4.10.1997/9.28.2005

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A ODE TO A SPECIAL LADY:  

FRANCISCA PASCUAL SANTOS


On Thursday, March 7, 1912, in the fair town of Laoag,

On the northwest tip of the Pearl of the Orient 

Francisca Pascual was born.


“Thursdays child has far to go,”

the nursery rhyme plainly states. 

Who would believe that those six words

Would be so prophetic?


At 34, Francisca Pascual Santos, 

A wife and the mother of four,

Ranging from13-years-old to a year-and-six months, 

Sails across the seas to faraway Hawaii 

To join husband Ruperto on Kauai.


The year is 1946 and it is not the best of times.

The family has its share of hardships mixed

With the joys in the exotic land that is now home.

But faith, patience, and hope pave the path

And Francisca and Ruperto

Bring up three lovely daughters

And two fine-looking sons --

A second being born on the Garden Island.


Blessed with a long, full, and meaningful life,

Francisca Pascual Santos at 91 

Continues to walk with the Lord

With grace, generosity, and gratitude,

With love, faith, hope, joy, and peace,

Affirming what her names stand for:

Forthright and open, a living saint.

 March 7, 2003 


AN ODE TO DOROTHY VAIL HOWE 


From Latin and Greek her name did come:

doron > gift; theos > God: a gift of God.


Indeed, Dorothy is a Gift of God

to family, relatives, friends, and neighbors;

to students, mentees, colleagues galore;

to the schools she served with dedication;

to San Jose where she taught and lived;

to Santa Cruz where she now makes her home;

to places she loves and visits.


Patient, nurturing, and a gifted teacher,

her young scholars adored Mrs. Howe.

Gifted with a wonderful sense of humor

and skilled in the lost art of listening

a visit with her is an uplifting experience.


Happiness is Dorothys hallmark,

and it takes little to make her happy.

Apricot bonbon in the evening will do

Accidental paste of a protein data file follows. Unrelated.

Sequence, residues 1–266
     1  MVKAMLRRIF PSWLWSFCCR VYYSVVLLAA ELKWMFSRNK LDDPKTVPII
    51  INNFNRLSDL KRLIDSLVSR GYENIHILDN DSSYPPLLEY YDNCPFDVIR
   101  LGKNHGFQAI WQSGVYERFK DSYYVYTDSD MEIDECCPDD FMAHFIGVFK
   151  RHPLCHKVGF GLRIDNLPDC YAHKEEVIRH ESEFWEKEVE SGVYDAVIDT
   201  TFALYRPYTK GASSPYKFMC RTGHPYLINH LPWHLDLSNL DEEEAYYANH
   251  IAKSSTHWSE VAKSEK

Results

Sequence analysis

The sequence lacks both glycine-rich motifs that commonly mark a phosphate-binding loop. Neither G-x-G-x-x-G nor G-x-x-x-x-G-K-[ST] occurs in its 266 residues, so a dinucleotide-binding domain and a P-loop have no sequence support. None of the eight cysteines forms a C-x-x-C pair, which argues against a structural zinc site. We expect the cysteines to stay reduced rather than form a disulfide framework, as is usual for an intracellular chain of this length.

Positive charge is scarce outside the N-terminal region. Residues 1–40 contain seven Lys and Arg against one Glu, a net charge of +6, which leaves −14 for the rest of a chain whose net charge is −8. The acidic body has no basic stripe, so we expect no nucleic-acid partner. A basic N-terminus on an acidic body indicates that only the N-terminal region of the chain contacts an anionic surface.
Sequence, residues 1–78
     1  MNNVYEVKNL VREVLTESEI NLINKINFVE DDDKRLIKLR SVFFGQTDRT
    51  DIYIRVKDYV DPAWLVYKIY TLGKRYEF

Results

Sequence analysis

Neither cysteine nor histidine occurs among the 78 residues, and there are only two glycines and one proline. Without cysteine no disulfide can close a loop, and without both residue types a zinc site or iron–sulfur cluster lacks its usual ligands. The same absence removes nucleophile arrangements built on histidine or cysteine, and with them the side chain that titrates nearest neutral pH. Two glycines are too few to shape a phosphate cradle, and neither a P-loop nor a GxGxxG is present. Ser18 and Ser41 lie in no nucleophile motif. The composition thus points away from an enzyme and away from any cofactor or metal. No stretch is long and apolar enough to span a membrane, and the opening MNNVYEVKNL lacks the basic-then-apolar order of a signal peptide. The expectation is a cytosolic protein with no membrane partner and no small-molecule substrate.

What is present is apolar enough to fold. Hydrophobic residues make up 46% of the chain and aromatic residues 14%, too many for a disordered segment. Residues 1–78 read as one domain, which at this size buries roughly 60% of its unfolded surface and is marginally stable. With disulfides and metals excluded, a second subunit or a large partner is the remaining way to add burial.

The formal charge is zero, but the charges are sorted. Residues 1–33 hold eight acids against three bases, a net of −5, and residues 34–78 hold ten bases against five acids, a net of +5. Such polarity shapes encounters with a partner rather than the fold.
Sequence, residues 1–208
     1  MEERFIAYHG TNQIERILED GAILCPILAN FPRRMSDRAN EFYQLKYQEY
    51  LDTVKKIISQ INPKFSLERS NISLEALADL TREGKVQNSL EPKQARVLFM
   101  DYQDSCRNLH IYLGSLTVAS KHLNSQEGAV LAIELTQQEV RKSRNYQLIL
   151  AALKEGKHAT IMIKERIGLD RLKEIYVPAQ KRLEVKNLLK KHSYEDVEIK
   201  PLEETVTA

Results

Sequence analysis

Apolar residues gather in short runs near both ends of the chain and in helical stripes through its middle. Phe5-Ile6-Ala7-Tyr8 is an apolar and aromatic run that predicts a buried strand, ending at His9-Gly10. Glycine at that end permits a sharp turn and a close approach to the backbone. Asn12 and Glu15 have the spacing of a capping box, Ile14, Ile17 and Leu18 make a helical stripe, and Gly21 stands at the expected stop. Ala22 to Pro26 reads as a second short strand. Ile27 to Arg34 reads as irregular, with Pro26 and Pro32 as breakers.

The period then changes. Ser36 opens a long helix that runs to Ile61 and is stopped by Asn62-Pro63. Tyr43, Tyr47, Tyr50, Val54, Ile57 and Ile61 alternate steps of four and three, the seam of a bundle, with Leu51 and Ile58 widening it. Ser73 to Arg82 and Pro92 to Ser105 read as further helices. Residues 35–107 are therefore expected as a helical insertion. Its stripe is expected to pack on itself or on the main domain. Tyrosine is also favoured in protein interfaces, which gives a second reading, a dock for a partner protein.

or some martini -- never mind the olives!

And to summon sleep, 

she calls on some Scotch -- on the rocks, that is!


Young at heart, she enjoys riding 

in her 1970 yellow convertible Volkswagen Bug.

Swimming and water aerobics 

give her daily pleasure and exercise.


The only creatures that caused Dorothy some unhappiness

were furry intruders that took residence in her garden.

She tried every trick known to stop those gophers

from bothering her and Cousin Bob and burrowing in their yard.

Aunt George, as this Gift of God is known to many,

is deeply devoted to friends and family

who rejoice with her in celebration

and wish her HAPPY 90th BIRTHDAY!

with fervent hope and prayers 

that she lives to a century in joy and good health.


(Written with Love and Aloha by Catherine Lo of Koloa, HI,

With much help from Ellie Ibia of  San Jose, CA, and presented

to Dorothy as a gift. -- March 6, 2005)

AN ODE TO UNCLE SAMMIE


(Samuel "Sammie Winber:

October 3, 1921 – July 20, 2005)


Family and friends say ALOHA 

to a husband … father … grandfather … 

to a brother … uncle … neighbor … friend …

Family and friends will miss him dearly.


His earthy task is done,

And the gates of heaven 

Open to let Samuel Winber in

But his family and friends will miss him dearly.


In the words of the Preacher in Ecclesiastes 3:1-8:

“To every thing there is a season,

And a time to every purpose under the heaven: